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Blog post Part of special issue: Educational leadership on the threshold of a post-pandemic world

Leaderless leading: How the pandemic has unleashed a collective impetus to ‘rethink’ further education

Azumah Dennis, Lecturer at The Open University

‘There is no power for change greater than a community discovering what it cares about.’

Wheatley, 2002

The above quote appears in a boxed feature in the inaugural edition of #JoyFE newspaper. The apposition sets the tone and texture of what #JoyFE is all about: a group of further education (FE) professionals, who want to ‘rethink education and take action’.

The newspaper was established to provide a meeting space around which those who want to make a difference to FE can coalesce. The writer of the opening editorial speaks as ‘we’, and while there is no explicit reference to who ‘we’ are, all the features have a named author and there is a list of contributors on the back page. There is also a small section telling interested others how to get involved and inviting them to do so.

The opening editorial makes it clear that #JoyFE is committed to sharing positive stories about FE. There is no account of why this publication, purposed in this way, is necessary. There are FE spaces – online chat rooms, hashtags, conferences and texts (not to mention offices and staff rooms) – which are practitioner-led and enable FE colleagues and researchers to meet and share their stories. The invitation to rethink implies that in some fundamental way #JoyFE considers that the current direction FE is taking is deeply flawed. In response, the authors invite participants to share in creating a vision about the ‘future of education’; to ask big questions. The pandemic has provided the portal that #JoyFE needed to lead on the collective creation of a new vision for FE. Its mantra of ‘no go backary’ is an insistence that post-pandemic there will be no business as usual for FE. The demand is not that FE does things differently, but that FE does different things.

‘#JoyFE’s mantra of “no go backary” is an insistence that post-pandemic there will be no business as usual for FE. The demand is not that FE does things differently, but that FE does different things.’

#JoyFE is an example of educational leadership doing different things. Perhaps it is better framed as an example of ‘unleadership’ (Jarvis et al., 2020): an embodiment, experienced and practised, rather than a theoretical construct.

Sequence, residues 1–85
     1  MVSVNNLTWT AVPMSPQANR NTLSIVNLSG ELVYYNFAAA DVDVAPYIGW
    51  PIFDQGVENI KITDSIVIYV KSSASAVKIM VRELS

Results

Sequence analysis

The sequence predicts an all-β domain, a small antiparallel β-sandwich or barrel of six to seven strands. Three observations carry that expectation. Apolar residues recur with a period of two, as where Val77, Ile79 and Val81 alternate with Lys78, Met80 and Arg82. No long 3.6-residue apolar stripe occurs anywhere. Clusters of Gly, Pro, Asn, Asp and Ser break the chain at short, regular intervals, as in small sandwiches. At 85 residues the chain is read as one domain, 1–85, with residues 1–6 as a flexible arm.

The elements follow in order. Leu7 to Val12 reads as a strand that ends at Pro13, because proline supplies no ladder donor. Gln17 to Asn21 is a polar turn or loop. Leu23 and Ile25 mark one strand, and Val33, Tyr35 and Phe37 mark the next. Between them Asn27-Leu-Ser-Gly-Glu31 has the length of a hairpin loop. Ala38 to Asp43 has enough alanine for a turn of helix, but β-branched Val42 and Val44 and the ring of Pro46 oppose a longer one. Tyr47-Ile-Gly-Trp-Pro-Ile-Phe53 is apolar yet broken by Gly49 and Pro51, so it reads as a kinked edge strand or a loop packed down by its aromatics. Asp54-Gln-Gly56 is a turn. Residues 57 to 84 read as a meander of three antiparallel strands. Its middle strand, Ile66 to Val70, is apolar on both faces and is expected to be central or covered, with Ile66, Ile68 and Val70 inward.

Unleadership interrupts the leadership/followership binary which is, after all, premised on an ethics of obedience. Unleadership makes a virtue of collective action. As a spontaneous and uncontrolled collective that comes into its own during a time of exception, unleadership is a proactive gesture. Unleaders have no fantasies of command and control. Unleaders are attuned to radical uncertainty. Their guiding ethos is ‘making a difference’. They do not marshal followers towards their vision. Nor do they exhibit the heteronormative masculinity of the mythologised leader whose charisma provides certainty and reassurance within the storm of a crisis. Unleaders journey into the unknown, their actions evolving in a fine-tuned response to the fluctuating immediacy of context.

Cometh the hour, cometh the collective

This pandemic has defied the dystopian imagination. In a state of exception, we did not become flesh-eating zombies; we became good neighbours, who throughout the pandemic demonstrated the effectiveness of leaderless organising (Graeber, 2013). Several examples of inspirational unleadership have emerged in and through the pandemic, and have brought the caring geographies of mutual aid into full view. 

Unleadership is driven by an ethics of joy

Spinoza is not referenced but is nonetheless enmeshed within #JoyFE’s thinking and acting. In a Spinozian ethics of joy (Youpa, 2019), leadership is a collective endeavour transcending the virtuous individual. #JoyFE’s unleadership is a rallying call encouraging the collective capacity of FE professionals to act. The joyful life is an ethical life and an empowered life. The collective pursuit of joyful encounters augments our capacity to affect and be affected by others. It increases our powers of action. Such movements do not need leaders but are led by affective forces. The leadership/followership binary which pacifies and engenders obedience, once recast through Spinoza’s ethics of joy, is transformed into mutuality – people relating to and relying on each other.

#JoyFE is more than a newspaper. It is a joyful intervention, a way of connecting people in and through joy. It is the collective practice of leading with joy in further education.


Graeber, D. (2013). The democracy project: A history, a crisis, a movement. Penguin.

Jarvis, C., Gaggiotti, H., & Kars-Unluoglu, S. (2020). Unleadership. In M. Parker (Ed.) Life after COVID-19: The other side of crisis. Policy Press.

Wheatley, M. J. (2002). Turning to one another: Simple conversations to restore hope to the future. Berrett-Koehler Publishers.

Youpa, A. (2019). The ethics of joy: Spinoza on the empowered life. Oxford University Press.